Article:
Michigan’s Rail Revival: Connecting Communities with Passenger Trains

by Jun 10, 2024

Original story from ‘Michigan Communities on Board for Rail’s Return‘ by Jim Bruckbauer, featured in the May/June 2024 issue of The Review by the Michigan Municipal League. Michigan is moving ahead with plans to improve and expand its train infrastructure, including smaller towns like Kalkaska, Cadillac, and Mt. Pleasant. These communities are partnering with various organizations to prepare for the return of passenger trains.

The push towards trains comes from several factors: high road maintenance costs, environmental concerns, and the public’s preference for the comfort and safety of trains. The Infrastructure Investment and Jobs Act has provided $66 billion for rail improvements across the country, benefiting Michigan significantly.

Investing in Michigan’s Rail Infrastructure

Michigan is currently focusing on the Amtrak Blue Water, Pere Marquette, and Wolverine lines. Over the past decade, about $600 million has been invested in the Wolverine corridor, improving speeds and efficiency. Future plans include more frequent trains and new connections to Toledo, Ohio, and Windsor, Ontario.

A new project aims to connect northern Michigan to the Blue Water and Wolverine lines using an existing freight rail. This route would link southeast Michigan to Traverse City and Petoskey, passing through towns like Owosso, Mt. Pleasant, and Cadillac. The Northern Michigan Passenger Rail Phase II study, expected to be completed in 2025, will outline the service’s details, including station locations and ridership potential.

Supporters believe the new passenger rail line could reduce road congestion, lower carbon emissions, and provide better access to larger metropolitan areas. This would be especially beneficial for college students and others who need efficient travel options across the state.

 

Speeder Rail Cars stopping at Railroad Square in Downtown Kalkaska This Summer.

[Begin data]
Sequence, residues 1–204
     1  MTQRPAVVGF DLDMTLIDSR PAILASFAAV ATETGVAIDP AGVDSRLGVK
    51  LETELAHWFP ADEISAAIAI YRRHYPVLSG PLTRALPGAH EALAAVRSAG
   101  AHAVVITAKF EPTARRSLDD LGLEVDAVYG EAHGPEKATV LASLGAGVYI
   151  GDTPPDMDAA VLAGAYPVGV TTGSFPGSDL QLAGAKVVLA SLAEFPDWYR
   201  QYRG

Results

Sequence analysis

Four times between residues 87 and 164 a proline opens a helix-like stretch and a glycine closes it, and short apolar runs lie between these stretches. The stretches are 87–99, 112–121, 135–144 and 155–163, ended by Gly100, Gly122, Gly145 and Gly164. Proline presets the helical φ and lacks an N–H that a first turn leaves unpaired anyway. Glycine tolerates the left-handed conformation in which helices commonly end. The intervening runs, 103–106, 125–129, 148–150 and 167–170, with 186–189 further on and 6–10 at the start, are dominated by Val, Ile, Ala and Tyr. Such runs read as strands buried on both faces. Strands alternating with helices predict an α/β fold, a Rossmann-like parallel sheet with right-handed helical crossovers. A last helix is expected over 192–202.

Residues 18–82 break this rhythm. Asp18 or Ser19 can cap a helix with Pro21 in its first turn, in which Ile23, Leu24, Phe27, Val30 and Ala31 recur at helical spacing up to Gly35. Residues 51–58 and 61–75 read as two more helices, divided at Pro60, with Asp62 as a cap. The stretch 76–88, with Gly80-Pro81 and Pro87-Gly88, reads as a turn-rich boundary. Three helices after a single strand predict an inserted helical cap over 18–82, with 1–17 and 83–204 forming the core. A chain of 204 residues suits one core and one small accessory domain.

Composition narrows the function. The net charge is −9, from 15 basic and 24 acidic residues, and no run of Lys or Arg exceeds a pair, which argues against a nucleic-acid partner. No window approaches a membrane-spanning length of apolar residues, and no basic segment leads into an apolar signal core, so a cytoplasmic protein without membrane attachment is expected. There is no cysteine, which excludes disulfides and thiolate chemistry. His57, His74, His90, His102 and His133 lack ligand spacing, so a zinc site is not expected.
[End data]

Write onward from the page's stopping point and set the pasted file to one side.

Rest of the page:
Benefits of the Rail Revival

Local transportation authorities, like the Cadillac/Wexford Transit Authority (CWTA), see this project as a chance to boost both passenger travel and freight capabilities, enhancing local economies. CWTA highlights the need to integrate public transportation options with the new rail services to ensure smooth travel for passengers.

Kalkaska, located at key northern Michigan shipping lanes, aims to become a hub for both freight and passenger rail. The village is considering a truck-to-train shipping facility and a downtown passenger train terminal, which are expected to drive economic growth by providing efficient freight transportation and more travel options for residents and visitors.

 

Future Projects and Community Impact

Kalkaska’s Railroad Square already serves as a boarding platform for seasonal leisure train rides, and there are plans to enhance this facility for regular passenger services. As these projects progress, Michigan’s small towns are set to become important parts of a larger rail network, promising a more connected and sustainable future for the state.

For more information on the Northern Michigan Passenger Rail Phase II Planning Study, visit Groundwork Center for Resilient Communities.

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